Has it only been 3 years since ‘Kill
’? Seems like so much longer ago I first spun my opening taste of Cannibal Corpse
, and suffered severe facial melting. You see, ‘Kill
’ was the culmination of all that made Cannibal Corpse
awesome in the first place; speed, brutality, gore and, most importantly, genuine technical chops that showed they were anything but a one trick pony. So how exactly would you follow up such a momentously good album? ‘Evisceration Plague’ is your answer.
As with all good Cannibal albums, ‘Evisceration Plague’ opens with a throat wrenching scream from George ‘Corpsegrinder
’ Fisher as the blasting ‘Priests of Sodom’ hurtles out of the starting blocks. Fisher’s vocal performance appears to have picked up a little more clarity, which was a highlight of ‘Kill
’ for me; it’s nice to see an attempt to make death metal lyrics actually understandable now and again. It also contains some nice vocal layering, adding to the intensity. Musically, I wasn’t a fan of the blasting to start with; it seemed to be a bit of blast autopilot, but once that chugging riff broke through, all was forgiven. It is the same feeling I got when listening to ‘Five Nails Through
’ from ‘Kill
’, that you were in the company of masters. There is more of the fluid soloing that ‘Kill
’ brought to the fore, but it never detracts from the brutality.
The short sharp shock of ‘Scalding Hail
’ is second, and is possibly the best track on the record, outside the title track. It’s the shortest song the band have written in a while, and the beating your ears receive is relentless. There is no slower section; there’s no space for it amongst the unrelenting growl of Fisher and the speedy blast. If you enjoyed ‘Make Them Suffer
’ from ‘Kill
’, this is going to be a favourite for you. In fact, the album as a whole presents an amalgamation of all the highlights of Cannibal Corpse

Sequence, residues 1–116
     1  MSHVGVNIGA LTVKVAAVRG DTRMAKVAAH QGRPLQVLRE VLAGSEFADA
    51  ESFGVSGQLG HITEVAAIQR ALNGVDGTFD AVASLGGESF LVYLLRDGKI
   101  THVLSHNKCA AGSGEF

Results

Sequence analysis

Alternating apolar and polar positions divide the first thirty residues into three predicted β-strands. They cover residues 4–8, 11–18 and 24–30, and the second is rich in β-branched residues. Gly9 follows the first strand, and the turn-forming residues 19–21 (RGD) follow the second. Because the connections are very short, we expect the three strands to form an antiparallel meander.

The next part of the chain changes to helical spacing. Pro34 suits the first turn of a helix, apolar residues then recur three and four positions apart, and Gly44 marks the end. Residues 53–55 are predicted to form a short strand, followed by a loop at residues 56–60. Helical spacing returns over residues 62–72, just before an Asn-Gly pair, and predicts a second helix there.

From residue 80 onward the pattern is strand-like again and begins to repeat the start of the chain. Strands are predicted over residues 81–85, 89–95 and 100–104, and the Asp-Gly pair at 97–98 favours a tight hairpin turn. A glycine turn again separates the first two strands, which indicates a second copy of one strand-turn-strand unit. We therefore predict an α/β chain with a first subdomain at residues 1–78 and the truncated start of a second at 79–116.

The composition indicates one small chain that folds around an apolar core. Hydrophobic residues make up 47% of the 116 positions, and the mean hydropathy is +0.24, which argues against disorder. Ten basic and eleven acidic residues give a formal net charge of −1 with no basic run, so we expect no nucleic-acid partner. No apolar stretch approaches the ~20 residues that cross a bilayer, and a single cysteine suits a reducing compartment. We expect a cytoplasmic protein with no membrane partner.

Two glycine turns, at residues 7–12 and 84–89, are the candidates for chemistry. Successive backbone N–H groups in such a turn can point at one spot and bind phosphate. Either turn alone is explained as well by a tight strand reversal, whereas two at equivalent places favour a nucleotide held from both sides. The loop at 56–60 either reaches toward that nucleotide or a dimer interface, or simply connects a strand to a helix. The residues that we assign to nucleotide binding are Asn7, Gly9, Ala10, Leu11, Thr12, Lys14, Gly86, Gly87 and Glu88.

’s career, compressed into Erik Rutan’s crisp production and spat out with murderous intent. ‘To Decompose’ opens with a solid chug and then tears off with a howling solo to be brought back down with that awesome opening riff. It then proceeds to destroy the world with a ground shaking breakdown, perfect for the headbang, and then that riff comes back in. It could fit in well on ‘Gallery of Suicide
’, and the spiralling solos that punctuate ‘Carrion
’ and ‘Unnatural
’ are an excellent progression from ‘Kill
There is also a fair share of slower paced material, which exchange relentless pace for measured brutality. The ominous ‘A Cauldron
’, and the deathly rumble of the title track are great examples of this. In fact ‘Evisceration Plague’ boasts the same type of swaying riff that I enjoyed in ‘Infinite Misery
’ from ‘Kill
’, it comes across as very Immolation
-esque. But it is the faster paced material that is to the fore, and guitarists Pat O’Brien and Rob Barrett seem to have taken it upon themselves to solo the band into oblivion later on. Which of course is fine when it is sandwiched between some of the best death metal riffage this side of Morbid Angel
. There is something truly savage about ‘Evidence in the Furnace’ when it fully takes off, and the aptly entitled ‘Carnivorous Swarm
’ sounds, if you’ll pardon the pun, waspish in its intensity.
If you enjoyed ‘Kill
’, you’ll like this. It is as simple as that. But don’t be suckered into thinking that this is merely ‘Kill
’ part 2, or an outtakes from the recording of it, because Cannibal Corpse
possess one of those rare traits in the death metal world: the ability to write consistently familiar sounding and yet totally unique records. Everyone who enjoys extreme music knows their sound, and most of us love them for it. They don’t need to change, and I hope they don’t, because they’ve just consistently got better. For me, it doesn’t quite beat ‘Kill
’, that’s been one of my favourite death metal records ever, but it’s damn sure close. Yet another refined, brutal gem.